WASHINGTON -- The Reds have decided not to give up on Yonder Alonso in left field after all. Against the Nationals on Tuesday, Alonso got his first start in left field since Aug. 6 vs. the Cubs, during what was a disastrous weekend of defense for the rookie. "We have to try him again sometime," Reds manager Dusty Baker said. "We're trying to find out, was that just a bad day or if he can do it."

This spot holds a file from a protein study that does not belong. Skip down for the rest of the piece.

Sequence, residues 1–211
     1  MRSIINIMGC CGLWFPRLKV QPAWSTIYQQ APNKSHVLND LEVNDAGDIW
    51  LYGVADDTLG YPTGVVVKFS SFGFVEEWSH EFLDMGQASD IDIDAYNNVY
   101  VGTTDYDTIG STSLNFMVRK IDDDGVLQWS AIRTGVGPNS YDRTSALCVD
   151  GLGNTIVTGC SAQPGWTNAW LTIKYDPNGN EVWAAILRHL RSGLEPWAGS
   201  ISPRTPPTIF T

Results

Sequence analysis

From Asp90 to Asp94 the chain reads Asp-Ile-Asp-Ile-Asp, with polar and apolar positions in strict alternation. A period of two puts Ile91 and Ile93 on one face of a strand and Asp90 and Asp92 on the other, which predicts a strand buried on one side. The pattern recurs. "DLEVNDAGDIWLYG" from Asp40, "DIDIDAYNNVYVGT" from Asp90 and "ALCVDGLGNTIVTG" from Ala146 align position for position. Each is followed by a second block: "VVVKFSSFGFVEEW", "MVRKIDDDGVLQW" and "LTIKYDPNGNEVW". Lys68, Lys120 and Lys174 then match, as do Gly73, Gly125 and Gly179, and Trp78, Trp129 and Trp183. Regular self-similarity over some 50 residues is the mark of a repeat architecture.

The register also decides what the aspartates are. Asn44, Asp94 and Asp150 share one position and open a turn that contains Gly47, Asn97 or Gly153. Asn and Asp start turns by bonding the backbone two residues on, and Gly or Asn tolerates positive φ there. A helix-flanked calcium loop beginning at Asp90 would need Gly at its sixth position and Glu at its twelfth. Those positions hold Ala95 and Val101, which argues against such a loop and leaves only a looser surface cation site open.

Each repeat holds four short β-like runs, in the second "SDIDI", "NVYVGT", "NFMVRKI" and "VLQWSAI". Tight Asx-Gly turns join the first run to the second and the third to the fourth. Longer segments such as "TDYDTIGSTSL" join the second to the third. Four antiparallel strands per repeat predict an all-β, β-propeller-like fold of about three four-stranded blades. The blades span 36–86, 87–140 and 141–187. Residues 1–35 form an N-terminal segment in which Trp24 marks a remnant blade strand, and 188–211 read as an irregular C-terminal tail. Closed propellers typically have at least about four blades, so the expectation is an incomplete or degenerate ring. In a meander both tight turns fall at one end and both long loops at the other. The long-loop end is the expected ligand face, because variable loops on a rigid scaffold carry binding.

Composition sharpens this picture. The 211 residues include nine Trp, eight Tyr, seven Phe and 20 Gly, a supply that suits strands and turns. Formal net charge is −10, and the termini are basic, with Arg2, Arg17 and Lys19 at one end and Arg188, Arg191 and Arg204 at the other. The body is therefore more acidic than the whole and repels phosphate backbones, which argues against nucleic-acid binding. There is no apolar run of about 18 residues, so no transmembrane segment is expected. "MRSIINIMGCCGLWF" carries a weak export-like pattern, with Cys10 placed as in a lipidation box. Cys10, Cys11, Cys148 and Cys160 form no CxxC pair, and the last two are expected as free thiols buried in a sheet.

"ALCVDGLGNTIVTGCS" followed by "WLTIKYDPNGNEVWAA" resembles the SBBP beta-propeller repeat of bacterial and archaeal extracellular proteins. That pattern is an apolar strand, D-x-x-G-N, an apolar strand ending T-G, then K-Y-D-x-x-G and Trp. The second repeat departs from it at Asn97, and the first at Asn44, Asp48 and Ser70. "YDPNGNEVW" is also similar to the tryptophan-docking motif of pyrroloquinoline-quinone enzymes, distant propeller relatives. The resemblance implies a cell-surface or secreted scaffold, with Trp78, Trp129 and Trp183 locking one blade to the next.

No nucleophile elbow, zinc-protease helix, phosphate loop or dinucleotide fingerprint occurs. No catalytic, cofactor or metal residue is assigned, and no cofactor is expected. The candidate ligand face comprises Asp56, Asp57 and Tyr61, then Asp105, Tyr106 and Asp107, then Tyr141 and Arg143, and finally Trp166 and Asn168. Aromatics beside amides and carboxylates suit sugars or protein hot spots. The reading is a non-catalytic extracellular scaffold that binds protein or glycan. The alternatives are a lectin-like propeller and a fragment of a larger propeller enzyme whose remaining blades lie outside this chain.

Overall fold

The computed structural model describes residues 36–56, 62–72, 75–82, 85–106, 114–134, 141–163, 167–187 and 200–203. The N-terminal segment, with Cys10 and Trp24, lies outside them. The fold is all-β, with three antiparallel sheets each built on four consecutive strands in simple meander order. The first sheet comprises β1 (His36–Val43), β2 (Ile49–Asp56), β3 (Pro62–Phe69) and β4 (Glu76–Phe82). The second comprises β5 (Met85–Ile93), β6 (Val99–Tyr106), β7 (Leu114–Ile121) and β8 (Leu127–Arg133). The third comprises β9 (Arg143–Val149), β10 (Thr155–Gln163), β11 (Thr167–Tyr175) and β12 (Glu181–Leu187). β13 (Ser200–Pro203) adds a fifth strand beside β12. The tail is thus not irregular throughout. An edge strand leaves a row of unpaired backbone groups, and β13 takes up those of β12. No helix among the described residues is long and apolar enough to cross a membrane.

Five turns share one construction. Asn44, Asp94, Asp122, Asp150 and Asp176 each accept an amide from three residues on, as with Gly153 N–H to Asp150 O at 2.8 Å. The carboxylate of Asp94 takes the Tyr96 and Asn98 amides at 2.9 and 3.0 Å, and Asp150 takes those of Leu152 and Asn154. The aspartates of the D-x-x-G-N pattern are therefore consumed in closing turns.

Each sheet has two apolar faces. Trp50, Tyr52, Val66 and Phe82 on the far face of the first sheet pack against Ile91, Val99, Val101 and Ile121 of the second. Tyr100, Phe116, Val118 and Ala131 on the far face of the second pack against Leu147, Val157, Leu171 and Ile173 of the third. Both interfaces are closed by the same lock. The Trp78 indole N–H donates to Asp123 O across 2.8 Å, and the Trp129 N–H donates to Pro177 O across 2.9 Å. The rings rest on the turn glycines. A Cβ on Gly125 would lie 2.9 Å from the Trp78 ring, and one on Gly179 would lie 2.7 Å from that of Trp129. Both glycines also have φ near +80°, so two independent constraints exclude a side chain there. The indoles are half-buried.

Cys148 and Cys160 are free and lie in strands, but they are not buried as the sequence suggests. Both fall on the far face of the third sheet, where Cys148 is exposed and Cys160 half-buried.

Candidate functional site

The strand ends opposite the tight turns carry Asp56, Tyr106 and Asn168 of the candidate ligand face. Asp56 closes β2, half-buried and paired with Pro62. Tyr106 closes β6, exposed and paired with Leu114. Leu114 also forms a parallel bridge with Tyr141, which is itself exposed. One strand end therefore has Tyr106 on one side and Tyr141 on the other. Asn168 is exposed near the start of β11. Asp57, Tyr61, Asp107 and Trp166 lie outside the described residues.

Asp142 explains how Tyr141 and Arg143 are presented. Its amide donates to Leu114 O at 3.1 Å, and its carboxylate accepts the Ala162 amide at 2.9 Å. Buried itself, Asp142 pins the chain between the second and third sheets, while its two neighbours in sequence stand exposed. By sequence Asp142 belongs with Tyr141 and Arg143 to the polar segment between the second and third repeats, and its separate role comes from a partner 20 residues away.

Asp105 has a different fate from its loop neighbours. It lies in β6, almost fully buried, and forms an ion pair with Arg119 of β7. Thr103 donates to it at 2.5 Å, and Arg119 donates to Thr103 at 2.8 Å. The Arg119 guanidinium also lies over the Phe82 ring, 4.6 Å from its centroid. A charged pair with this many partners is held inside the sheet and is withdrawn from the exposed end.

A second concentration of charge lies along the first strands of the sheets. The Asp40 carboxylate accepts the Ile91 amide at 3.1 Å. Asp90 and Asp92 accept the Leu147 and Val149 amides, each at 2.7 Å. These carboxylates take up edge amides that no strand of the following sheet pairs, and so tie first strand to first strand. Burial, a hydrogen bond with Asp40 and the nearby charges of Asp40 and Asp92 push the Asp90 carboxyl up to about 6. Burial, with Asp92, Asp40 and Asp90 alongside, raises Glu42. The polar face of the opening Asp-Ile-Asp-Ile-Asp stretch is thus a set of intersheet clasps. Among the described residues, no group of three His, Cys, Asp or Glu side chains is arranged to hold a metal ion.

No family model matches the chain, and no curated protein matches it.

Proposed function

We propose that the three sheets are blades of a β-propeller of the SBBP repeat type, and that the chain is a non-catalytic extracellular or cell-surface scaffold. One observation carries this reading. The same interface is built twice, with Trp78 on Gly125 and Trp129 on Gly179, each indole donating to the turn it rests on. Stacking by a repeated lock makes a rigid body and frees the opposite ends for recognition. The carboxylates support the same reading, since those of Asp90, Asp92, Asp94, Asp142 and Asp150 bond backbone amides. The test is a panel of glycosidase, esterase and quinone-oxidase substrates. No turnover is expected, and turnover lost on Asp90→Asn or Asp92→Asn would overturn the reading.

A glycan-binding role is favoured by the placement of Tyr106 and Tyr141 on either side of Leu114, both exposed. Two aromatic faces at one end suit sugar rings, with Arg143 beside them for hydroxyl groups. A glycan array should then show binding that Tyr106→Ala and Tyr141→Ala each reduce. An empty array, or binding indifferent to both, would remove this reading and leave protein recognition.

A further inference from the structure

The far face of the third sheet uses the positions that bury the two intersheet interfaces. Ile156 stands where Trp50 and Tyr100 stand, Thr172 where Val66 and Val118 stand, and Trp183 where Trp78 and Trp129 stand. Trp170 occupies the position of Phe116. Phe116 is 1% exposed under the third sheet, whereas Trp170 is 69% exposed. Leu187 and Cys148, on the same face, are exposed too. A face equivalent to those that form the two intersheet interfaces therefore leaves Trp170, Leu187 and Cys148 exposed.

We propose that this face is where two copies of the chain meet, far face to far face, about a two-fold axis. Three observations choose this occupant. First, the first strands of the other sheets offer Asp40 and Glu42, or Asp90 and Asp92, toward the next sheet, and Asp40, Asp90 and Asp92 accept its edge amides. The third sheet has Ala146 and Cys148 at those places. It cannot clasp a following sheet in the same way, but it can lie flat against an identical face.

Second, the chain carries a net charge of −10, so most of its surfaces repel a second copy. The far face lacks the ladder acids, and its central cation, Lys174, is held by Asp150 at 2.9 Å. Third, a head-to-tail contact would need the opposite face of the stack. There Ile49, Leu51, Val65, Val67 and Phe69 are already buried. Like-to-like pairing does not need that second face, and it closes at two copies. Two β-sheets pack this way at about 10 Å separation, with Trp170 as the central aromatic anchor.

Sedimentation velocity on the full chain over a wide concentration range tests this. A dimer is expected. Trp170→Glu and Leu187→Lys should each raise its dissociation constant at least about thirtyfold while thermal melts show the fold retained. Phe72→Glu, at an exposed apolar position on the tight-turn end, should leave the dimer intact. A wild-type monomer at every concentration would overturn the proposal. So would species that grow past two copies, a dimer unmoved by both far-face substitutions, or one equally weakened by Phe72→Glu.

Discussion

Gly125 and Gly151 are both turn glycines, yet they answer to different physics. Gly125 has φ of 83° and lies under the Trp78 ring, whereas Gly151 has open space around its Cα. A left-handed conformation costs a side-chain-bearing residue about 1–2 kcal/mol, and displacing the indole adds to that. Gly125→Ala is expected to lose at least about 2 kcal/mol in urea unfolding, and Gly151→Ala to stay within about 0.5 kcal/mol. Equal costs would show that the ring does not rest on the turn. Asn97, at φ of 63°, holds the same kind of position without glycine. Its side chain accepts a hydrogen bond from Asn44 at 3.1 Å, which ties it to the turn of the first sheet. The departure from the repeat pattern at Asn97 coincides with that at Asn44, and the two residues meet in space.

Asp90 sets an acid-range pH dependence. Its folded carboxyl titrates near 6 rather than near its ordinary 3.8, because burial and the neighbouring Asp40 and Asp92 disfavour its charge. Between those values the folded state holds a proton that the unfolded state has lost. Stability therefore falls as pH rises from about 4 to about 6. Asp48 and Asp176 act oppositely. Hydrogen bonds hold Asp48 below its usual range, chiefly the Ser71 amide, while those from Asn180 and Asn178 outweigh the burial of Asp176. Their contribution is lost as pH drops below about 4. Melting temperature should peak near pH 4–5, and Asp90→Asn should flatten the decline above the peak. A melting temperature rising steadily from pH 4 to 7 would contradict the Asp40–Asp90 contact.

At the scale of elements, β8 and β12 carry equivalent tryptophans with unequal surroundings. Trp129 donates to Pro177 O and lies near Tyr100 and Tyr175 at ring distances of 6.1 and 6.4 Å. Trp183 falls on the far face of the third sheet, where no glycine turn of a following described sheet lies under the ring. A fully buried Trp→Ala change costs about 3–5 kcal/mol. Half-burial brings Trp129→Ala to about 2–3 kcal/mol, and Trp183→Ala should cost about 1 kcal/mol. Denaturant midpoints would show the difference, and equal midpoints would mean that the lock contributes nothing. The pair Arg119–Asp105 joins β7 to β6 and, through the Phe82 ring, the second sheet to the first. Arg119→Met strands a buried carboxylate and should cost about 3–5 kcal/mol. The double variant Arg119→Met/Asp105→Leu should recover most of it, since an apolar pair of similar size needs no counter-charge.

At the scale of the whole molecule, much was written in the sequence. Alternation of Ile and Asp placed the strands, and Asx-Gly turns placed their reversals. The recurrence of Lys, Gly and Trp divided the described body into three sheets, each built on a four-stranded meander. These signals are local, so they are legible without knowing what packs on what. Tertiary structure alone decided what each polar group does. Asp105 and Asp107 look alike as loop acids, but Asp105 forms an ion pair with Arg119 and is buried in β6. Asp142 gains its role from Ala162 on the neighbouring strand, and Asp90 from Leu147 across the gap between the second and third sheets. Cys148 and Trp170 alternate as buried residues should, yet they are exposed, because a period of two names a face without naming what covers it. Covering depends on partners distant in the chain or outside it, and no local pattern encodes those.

Among the multiple tough moments in Chicago -- Alonso misplayed a Tony Campana line drive near the foul line before it became a two-run inside-the-park home run. The following day, he committed an error. Although a diligent worker, he is not known for speed and has trouble getting to some balls. Alonso was converted to left field late last season at Triple-A Louisville after playing first base most of his pro and collegiate career. He played 62 games in left for Louisville this season before his promotion to the Reds on July 26. "There's more people. There's a third deck. There's more scrutiny and those things," Baker said, comparing Triple-A to the bigs. "But the game is the same. Some of it is mental. Some of it is physical. Down there, nobody really pays attention, except the scouts that are at the game." The Reds very much would like to get Alonso's bat into the lineup, somehow. However, Baker did not know how much of a second chance he would give. "That's a good question, a real good question," he said. "We're hoping he does it but we've also got to win ballgames too. A lot of it depends on how confident he feels out there. It was an experiment from the beginning." Alonso, who came into Tuesday batting .421 with one home run and four RBIs, welcomed the latest opportunity to play left field. "I've been working really hard at it," Alonso said. They're going to put me out there again to do my thing. I'm not going to think about the negative stuff. ... Sometimes you get into wanting to do too much and that's when you get into trouble." Since the Cubs series, Alonso has been taking groundballs at third base. Baker is not ready to give him a game at the hot corner, however. "It's not an easy thing to learn a position in the big leagues," Baker said.